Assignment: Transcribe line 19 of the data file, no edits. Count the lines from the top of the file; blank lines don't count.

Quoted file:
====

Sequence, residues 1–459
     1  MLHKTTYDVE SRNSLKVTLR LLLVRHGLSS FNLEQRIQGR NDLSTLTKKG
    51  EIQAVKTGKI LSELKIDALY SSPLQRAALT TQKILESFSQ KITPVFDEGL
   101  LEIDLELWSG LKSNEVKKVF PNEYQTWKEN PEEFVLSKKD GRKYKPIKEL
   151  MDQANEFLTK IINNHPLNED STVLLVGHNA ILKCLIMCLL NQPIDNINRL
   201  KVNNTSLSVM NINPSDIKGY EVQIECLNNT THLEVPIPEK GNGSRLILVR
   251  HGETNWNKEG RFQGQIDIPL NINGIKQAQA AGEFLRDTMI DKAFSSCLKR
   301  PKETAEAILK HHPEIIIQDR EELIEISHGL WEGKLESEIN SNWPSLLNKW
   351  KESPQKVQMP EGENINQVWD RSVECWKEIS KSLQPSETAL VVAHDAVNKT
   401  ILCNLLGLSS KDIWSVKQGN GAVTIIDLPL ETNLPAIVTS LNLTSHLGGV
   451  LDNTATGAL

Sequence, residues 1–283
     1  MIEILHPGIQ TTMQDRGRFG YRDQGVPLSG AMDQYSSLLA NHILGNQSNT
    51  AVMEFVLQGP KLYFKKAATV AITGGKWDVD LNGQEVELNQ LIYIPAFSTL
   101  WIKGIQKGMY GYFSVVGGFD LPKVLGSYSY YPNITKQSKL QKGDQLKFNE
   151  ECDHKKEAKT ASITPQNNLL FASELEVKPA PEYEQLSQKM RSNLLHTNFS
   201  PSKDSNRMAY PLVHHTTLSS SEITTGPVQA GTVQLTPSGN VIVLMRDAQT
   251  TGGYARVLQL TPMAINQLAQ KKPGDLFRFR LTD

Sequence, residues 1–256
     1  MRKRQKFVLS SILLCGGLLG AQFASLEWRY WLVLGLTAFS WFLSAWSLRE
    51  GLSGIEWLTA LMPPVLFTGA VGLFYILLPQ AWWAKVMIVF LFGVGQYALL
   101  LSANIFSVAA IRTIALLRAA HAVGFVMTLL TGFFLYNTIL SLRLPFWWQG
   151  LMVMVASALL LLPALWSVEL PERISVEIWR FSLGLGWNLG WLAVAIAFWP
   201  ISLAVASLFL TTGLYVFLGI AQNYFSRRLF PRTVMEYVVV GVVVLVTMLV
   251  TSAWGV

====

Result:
Sequence, residues 1–256